EQUUS Consultants: Lowering the Risk Longeing
Medical editor Matthew Mackay-Smith discusses ways to reduce
Question: I would like to longe my 6-year-old mare with side
reins, but I am concerned about wear on her knee joints. I keep
all of my horses until they go to the big green pasture in the
sky, so I'm hoping to keep her sound for another 25 years or so.
What steps can I take to make sure longing is as easy on her
knees as possible and is there any arena depth that would be
Answer: The constraints of time and space most of us face make
circular exercise for horses an appealing compromise. Longeing a
horse for educational purposes and exercise can be useful with
progressive planning and preparation so long as it is conducted
in a safe and sane way.
In terms of training, the risks of longeing include reinforcing
several undesirable behaviors including unruliness/willfulness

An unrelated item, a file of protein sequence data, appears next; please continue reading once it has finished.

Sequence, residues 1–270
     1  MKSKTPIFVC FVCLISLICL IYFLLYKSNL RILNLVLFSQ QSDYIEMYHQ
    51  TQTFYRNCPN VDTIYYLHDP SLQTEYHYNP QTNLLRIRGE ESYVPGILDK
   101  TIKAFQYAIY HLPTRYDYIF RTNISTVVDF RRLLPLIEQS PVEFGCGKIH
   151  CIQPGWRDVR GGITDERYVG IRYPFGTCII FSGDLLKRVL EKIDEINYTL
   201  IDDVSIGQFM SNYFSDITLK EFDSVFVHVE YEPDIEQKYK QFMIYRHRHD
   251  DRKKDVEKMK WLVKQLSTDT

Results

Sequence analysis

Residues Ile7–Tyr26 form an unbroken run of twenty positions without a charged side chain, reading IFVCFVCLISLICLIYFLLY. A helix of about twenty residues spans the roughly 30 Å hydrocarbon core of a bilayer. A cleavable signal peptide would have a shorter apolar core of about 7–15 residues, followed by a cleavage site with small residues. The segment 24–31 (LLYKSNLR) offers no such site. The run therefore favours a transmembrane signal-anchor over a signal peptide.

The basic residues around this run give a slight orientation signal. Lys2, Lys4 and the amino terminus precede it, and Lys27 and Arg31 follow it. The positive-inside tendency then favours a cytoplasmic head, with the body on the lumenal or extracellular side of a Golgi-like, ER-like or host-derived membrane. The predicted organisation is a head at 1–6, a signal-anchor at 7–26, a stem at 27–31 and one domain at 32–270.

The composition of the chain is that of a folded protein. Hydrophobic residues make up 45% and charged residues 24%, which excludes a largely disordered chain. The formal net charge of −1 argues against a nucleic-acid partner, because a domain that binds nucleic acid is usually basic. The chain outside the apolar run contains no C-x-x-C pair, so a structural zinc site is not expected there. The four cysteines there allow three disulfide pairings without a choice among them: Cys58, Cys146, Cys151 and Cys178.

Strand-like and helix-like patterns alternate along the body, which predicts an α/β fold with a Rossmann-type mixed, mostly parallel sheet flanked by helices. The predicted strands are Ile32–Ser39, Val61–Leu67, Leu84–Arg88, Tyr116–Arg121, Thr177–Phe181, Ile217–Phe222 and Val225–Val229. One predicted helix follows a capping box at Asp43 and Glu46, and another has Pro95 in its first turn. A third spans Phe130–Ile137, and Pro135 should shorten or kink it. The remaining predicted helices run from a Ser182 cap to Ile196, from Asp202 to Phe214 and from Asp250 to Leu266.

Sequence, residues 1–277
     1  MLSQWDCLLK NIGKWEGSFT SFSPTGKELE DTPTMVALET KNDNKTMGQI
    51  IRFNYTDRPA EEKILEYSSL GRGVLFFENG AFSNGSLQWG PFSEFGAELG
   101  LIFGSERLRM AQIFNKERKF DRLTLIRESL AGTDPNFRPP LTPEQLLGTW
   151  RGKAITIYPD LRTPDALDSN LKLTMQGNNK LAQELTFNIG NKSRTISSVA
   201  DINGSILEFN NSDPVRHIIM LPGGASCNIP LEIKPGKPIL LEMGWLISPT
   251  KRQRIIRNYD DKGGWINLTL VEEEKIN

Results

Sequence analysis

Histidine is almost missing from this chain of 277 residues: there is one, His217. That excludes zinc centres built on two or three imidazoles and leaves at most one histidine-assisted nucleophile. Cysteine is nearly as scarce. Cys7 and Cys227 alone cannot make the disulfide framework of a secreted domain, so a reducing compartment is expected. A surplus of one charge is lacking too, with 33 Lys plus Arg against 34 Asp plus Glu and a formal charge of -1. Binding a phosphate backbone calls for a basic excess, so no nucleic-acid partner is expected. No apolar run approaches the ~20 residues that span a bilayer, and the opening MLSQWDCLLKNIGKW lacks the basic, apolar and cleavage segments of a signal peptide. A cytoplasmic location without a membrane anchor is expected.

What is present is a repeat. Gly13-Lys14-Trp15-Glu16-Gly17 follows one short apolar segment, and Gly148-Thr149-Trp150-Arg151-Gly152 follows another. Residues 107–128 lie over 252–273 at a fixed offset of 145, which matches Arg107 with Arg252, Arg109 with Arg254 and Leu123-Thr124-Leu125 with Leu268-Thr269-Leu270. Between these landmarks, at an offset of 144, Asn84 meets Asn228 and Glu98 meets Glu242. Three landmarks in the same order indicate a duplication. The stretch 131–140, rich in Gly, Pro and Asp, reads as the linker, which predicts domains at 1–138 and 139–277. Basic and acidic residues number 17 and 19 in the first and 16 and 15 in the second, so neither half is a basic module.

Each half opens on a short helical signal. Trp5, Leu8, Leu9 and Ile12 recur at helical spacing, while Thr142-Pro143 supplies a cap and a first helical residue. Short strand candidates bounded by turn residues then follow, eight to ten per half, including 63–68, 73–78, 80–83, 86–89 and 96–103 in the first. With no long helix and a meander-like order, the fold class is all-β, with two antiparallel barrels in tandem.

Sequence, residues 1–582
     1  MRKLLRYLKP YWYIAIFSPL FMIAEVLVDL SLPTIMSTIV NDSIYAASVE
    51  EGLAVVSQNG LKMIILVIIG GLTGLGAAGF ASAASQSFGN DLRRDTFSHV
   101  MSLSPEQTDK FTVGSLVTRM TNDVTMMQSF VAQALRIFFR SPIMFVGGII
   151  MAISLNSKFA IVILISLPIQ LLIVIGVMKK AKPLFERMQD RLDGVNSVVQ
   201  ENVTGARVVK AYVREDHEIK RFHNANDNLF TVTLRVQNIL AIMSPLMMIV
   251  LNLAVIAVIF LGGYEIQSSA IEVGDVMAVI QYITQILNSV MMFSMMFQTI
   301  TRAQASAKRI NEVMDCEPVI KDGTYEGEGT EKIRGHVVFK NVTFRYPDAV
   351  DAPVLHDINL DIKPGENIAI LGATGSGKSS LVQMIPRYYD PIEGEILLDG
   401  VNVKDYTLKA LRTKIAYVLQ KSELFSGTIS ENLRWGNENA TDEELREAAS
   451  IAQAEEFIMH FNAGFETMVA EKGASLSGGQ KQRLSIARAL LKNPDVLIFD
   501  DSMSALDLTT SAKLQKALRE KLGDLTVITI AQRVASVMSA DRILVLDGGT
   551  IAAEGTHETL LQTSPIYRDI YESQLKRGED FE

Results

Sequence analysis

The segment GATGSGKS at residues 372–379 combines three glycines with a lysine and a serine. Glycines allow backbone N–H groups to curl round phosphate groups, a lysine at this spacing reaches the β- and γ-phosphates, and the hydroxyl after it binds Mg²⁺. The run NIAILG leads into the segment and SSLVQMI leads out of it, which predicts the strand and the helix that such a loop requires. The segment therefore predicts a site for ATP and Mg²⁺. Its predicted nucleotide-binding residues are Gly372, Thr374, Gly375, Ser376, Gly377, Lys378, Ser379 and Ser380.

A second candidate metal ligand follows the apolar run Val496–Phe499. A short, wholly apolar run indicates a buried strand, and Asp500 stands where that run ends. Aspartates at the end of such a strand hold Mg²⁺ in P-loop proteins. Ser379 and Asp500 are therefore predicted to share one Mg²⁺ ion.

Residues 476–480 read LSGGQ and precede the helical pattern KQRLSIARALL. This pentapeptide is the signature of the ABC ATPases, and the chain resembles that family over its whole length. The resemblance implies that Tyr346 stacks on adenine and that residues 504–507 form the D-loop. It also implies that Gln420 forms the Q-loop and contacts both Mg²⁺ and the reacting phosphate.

due to poor control, the tendency to either balk or run away or
both, and even dangerous aggression toward the person at the
center of the circle. Physical risks for the horse arise mainly
from excessive twisting (torque) of the limbs around their long
axes, due to speed, centrifugal force and inadequate slope
(banking) of the work surface. So the danger is really strains,
rather than wear and tear.
You can reduce a horse's chances of developing a strain by
longeing in the correct environment. A longe area needs to be
level and uniform, with a perimeter built from fairly deep sand
that yields to the hoof enough to encourage the bottom of the
foot to stay perpendicular to the leg. Four to six inches of
sand will usually suffice. With use, the longeing surface
becomes progressively sloped inward as the sand is pushed out.
Resist the urge to drag the track flat, because the berm created
becomes a banked rim on which longeing at the walk, trot and
collected canter or lope can be done safely.
Clearly, the larger the circle, the less torque on the legs and
the smaller the circle, the better your control. Most people
compromise by longing horses on a circle between 40 and 60 feet
in diameter. A fence or another barrier around the outside adds
to control, and accommodates free-longeing and other educational
drills and exercises.